Musings: EIA Forecasts More Shale Gas Resources And Greater Use

The U.S. Energy Information Administration (EIA) released its Annual Energy Outlook 2011 (AEO2011) Early Release Overview last week that dramatically increased its estimate of technically recoverable unproved shale gas resources and raised its forecast of the amount of natural gas to be consumed in the future. Neither of these changes to their annual forecast is a great surprise given ongoing industry trends, but what may be somewhat of a surprise is the smaller increase in gas shale resources compared to the 2009 forecast from the Potential Gas Committee at the Colorado School of Mines.

Exhibit 1. Potential Gas Committee Gas Resource Forecast
Potential Gas Committee Gas Resource    Forecast
Source: Potential Gas Committee

According to the release, the EIA believes there is 827 trillion cubic feet (Tcf) of technically recoverable unproved shale gas resources as of January 1, 2009, more than double what it had previously estimated. The prior estimate of 353 Tcf of shale gas resources has been increased by some 474 Tcf in the new assessment. An article in the Financial Times discussing the new EIA energy outlook and shale gas resource estimate makes the classic mistake of confusing proven shale gas reserves with shale gas resources. In the latter case, we only know the likelihood of a volume of gas trapped in the shale rocks and not that it can be extracted in an economical manner, which is the critical variable in defining proven reserves.

What does this new estimate mean? According to the AEO2010 report, the 2008 year-end estimate of total proven dry natural gas reserves in the United States was 239 Tcf. This means that the ratio of shale gas resource in the AEO2010 report (353 Tcf) to total proven gas reserves was nearly one and half times. In contrast, as Art Berman has estimated, the Potential Gas Committee estimated total technically recoverable natural gas resources of 1,836 Tcf, of which he suggests roughly a third, or about 616 Tcf, is from shale gas. When he assesses the probable reserve category, Mr. Berman suggests that there is a total of 441 Tcf of probable gas reserves with about 147 Tcf coming from shale gas. We are hesitant suggesting that shale gas accounted for one-third of the EIA’s proven gas reserve estimate as the boom is of recent vintage. Unfortunately, the EIA’s release does not provide proven gas reserve estimates so we don’t know what role shale gas plays given the agency’s more than doubling of its estimate of the resource.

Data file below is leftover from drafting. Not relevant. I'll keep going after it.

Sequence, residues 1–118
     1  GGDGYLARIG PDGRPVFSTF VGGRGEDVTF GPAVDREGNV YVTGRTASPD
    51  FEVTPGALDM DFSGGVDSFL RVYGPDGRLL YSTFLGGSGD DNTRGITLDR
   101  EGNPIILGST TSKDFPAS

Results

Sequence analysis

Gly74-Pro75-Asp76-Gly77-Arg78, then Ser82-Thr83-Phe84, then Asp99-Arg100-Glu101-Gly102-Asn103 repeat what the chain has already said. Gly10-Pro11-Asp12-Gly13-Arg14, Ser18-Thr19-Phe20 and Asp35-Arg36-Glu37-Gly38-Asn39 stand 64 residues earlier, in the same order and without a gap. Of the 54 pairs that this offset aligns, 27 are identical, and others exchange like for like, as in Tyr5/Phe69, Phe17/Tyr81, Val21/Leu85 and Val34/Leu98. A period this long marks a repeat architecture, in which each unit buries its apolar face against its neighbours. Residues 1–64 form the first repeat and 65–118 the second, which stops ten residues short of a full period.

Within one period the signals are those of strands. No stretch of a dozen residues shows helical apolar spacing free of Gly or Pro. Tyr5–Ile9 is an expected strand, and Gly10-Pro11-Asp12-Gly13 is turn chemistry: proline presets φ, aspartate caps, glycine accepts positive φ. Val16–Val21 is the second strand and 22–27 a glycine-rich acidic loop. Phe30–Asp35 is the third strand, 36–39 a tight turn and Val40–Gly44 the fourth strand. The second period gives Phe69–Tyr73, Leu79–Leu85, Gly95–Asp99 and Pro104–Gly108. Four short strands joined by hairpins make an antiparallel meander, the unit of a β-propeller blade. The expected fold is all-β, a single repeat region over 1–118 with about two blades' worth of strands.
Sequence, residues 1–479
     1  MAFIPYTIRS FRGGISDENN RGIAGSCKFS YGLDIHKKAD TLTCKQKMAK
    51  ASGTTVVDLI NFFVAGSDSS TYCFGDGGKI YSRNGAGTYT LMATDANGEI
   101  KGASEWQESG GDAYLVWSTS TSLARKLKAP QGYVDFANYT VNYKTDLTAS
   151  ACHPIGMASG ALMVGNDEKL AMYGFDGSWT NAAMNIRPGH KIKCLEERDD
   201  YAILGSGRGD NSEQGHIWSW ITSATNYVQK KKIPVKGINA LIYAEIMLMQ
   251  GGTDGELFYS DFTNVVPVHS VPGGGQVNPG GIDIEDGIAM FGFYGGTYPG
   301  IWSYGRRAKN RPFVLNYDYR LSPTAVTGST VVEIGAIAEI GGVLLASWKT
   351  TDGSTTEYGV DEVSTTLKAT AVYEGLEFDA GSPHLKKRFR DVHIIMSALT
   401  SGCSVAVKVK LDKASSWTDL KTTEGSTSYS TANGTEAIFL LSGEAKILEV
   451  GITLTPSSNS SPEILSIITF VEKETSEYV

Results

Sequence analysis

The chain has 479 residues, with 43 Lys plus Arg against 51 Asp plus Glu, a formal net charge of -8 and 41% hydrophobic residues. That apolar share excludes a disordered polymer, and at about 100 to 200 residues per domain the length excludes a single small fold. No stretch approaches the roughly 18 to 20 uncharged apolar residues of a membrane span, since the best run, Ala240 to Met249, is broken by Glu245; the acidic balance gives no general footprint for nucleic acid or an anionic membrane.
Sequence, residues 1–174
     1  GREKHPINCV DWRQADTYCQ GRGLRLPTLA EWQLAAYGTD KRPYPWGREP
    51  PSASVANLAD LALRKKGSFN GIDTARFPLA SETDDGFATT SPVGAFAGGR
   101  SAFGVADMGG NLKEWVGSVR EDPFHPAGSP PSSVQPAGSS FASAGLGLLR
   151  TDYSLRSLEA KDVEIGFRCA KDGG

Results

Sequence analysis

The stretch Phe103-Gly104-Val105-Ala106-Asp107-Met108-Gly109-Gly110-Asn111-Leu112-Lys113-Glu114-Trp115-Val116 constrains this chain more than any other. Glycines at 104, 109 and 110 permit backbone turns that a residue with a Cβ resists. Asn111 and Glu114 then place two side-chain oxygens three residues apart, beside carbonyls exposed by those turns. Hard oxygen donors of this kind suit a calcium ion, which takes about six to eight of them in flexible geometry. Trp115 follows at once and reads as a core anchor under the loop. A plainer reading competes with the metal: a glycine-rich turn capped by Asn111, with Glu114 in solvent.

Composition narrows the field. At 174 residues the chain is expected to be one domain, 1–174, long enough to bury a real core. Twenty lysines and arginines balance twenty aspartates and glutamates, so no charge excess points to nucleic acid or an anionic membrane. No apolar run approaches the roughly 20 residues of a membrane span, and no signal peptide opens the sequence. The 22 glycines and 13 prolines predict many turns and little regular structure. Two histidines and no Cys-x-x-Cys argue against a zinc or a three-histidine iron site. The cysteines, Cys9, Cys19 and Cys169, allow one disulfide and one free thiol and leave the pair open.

The confusion in the media over resources versus reserves, and even among E&P company executives who are drilling shale gas wells, creates some serious misperceptions about exactly how much gas is readily available for consumption. Proven reserves is the only supply category that can be appropriately compared with current production in order to determine how many years worth of supply actually exists today. While all the technically recoverable resource may ultimately become proven and economic over time, that isn’t the case now. So to say that we now have 36 years worth of gas supply is incorrect. However, even if wrongly calculated, the Financial Times estimate is lower than EOG Resources (EOG-NYSE) CEO Mark Papas’ 50-years of supply statement in a speech recently, and the often repeated 100-years of supply statement that is derived from using the Potential Gas Committee’s estimate of the gas shale resource potential. What we do know, however, is that over time potential hydrocarbon resources tend to become proven and thus developed, but that is not a given.